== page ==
The pandemic will accelerate recent progress in autonomous driving, perhaps as an alternative to ridesharing for some. Interestingly, some of the technology powering the space launch at the end of May 2020 will soon be applied in the latest self-driving initiatives.

We are also seeing a change in the perception and value of healthcare, as well as an increased emphasis on health technology.

This is accelerating the notion of countries using healthcare as not only a service, but also a form of economic power, which can be used to gain influence over other countries. Obesity rates are also getting a lot of attention, due to higher morbidity rates in this cohort.

Matt Konosky – Healthcare Portfolio Manager and Sr. Investment Analyst

The healthcare industry has been relatively insulated from the substantial demand shocks we have seen elsewhere in the economy.

Many non-essential medical procedures have been postponed, but we consider this a temporary situation which will have relatively limited long-term impact on the sector.

At the same time, demand has increased in other healthcare categories, including:

  • Biopharma: A potential source of both a vaccine and therapeutics. Currently, there are over 315 ongoing clinical trials of therapeutics and vaccines;
  • Life sciences: Diagnostic testing for active infections and antibodies;
  • Healthtech: Increased investment in respiratory and patient monitoring systems as healthcare authorities around the globe strive to establish surge capacity ahead of a potential second wave in 2H20.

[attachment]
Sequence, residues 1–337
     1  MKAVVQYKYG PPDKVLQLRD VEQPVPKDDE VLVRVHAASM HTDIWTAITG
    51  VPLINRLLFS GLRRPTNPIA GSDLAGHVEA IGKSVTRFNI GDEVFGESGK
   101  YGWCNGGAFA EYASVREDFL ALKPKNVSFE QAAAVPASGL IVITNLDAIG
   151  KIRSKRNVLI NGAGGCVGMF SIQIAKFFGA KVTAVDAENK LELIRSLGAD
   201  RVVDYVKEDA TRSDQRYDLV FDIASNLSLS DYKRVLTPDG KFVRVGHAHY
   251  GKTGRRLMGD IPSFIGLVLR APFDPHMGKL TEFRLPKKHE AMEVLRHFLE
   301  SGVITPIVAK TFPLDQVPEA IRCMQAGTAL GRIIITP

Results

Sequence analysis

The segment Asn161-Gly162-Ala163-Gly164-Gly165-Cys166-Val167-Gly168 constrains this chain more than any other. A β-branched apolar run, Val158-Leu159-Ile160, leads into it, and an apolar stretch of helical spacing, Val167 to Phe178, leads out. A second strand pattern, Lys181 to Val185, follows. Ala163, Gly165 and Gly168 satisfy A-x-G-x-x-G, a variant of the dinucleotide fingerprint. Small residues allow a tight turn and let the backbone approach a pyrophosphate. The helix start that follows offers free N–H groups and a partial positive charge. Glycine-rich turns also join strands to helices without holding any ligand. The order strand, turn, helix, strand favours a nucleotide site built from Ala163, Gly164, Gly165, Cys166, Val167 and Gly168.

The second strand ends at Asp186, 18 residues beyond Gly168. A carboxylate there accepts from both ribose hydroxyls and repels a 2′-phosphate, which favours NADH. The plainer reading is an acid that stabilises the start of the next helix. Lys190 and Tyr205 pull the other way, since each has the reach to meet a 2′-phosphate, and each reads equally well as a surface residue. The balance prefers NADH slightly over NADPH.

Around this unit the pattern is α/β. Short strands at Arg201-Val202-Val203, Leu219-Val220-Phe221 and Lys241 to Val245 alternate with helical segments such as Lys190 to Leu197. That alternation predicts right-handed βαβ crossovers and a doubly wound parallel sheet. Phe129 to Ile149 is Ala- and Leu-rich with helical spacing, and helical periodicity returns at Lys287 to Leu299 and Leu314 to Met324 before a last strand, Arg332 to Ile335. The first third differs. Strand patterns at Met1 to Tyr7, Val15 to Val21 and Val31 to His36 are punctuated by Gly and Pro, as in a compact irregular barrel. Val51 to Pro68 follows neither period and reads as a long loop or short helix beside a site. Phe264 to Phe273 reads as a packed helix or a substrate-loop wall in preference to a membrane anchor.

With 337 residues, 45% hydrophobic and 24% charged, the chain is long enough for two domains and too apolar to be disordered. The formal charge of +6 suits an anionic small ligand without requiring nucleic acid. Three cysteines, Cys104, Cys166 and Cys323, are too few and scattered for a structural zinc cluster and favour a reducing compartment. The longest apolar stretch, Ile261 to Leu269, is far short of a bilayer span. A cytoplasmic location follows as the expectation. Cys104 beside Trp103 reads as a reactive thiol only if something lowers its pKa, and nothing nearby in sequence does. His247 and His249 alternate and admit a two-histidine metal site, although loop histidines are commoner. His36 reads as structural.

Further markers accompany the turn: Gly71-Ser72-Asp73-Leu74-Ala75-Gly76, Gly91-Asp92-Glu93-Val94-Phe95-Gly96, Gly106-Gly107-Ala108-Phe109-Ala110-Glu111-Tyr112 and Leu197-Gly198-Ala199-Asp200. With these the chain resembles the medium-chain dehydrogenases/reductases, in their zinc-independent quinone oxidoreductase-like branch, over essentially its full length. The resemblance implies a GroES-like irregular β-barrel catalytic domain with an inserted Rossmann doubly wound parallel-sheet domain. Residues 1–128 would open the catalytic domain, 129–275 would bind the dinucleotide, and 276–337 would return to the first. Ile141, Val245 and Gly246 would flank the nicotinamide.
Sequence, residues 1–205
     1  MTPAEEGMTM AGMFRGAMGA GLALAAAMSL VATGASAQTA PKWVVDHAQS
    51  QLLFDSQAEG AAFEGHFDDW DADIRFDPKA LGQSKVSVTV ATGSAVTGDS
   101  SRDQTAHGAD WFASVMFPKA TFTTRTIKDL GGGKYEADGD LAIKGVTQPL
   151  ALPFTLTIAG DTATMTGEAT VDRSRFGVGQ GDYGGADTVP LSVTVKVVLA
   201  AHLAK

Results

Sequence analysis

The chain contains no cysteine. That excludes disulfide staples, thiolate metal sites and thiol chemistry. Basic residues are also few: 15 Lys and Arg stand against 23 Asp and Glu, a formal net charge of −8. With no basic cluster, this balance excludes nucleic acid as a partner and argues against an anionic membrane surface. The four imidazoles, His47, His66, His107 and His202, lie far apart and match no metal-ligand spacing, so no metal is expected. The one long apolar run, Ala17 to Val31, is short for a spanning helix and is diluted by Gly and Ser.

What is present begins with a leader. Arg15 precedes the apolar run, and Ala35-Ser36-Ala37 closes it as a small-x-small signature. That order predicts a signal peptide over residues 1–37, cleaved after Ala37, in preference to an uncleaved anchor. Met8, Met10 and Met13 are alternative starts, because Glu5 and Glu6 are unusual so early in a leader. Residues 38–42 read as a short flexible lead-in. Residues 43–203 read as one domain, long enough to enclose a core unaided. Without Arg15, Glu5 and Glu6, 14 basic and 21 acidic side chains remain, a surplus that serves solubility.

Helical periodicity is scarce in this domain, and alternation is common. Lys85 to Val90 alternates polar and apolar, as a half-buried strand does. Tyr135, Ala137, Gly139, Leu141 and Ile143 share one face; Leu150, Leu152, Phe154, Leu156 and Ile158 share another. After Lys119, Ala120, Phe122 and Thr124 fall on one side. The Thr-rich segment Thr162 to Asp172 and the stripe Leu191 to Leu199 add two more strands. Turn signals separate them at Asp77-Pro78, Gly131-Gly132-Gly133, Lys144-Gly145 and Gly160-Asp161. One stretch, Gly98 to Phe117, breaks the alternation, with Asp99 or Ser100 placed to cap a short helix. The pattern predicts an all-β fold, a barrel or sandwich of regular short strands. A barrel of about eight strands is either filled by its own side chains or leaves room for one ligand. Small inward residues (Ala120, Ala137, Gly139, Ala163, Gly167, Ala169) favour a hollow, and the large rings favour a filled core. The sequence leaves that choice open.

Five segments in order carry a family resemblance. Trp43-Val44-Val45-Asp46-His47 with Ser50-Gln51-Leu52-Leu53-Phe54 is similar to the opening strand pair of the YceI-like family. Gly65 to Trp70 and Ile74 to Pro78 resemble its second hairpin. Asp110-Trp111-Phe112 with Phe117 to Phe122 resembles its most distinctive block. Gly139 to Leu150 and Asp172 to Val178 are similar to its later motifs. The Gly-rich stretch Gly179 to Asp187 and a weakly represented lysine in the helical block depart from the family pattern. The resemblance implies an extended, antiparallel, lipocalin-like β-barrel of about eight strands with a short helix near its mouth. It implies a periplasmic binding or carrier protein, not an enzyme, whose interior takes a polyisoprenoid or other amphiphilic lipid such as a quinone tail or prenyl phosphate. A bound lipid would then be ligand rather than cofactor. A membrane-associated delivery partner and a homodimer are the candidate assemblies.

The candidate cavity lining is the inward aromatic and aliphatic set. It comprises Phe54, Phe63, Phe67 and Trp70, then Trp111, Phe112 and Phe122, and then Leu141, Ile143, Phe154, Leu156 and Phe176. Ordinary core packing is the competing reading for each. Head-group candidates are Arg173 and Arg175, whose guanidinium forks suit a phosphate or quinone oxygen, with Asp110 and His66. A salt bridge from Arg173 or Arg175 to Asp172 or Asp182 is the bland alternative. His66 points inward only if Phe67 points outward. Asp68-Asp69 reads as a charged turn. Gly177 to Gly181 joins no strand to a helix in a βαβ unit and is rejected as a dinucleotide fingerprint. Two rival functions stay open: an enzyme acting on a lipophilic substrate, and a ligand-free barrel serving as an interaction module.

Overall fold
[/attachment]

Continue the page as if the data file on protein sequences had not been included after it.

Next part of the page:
In our view, these tailwinds will likely persist for the next 12-18 months and perhaps much longer, there are a lot of areas in healthcare services that are in dire need of investment and the need for diagnostic testing is not going to go away if infection rates fall.

Vaccines are one part of a broader biotech approach

Efforts to develop a vaccine have captured headlines, raising the biotech industry's public image and moderating the near-term risk of significant drug pricing reform.

But vaccine development is just one part of a much broader industry effort, which includes a wide range of treatments, including antivirals, antibody approaches and immune modulating.

These efforts should put global health systems in a much better position to deal with future outbreaks which we hope will soon result in much lower mortality rates.

A vaccine candidate will probably be available by year-end, but many questions will remain

It is realistic to believe that we will have one or more vaccine candidates available, at least in limited quantities, before year end. It will take a further 18-24 months to manufacture the large number of doses needed.

In the meantime, there are key questions around vaccine development. Of the four or five broad approaches being attempted, we believe the most promising are around two in particular: viral-based approaches and genetic, or RNA, based approaches. 

Vaccinating a small group would go a long way to controlling future outbreaks

But vaccination is not an all or nothing proposition.

Even if you were to just vaccinate a small group of high-risk individuals, e.g. healthcare workers and first responders, this could go a long way to controlling community transmission and hopefully avoiding the need for full-scale global lockdowns in any subsequent outbreak.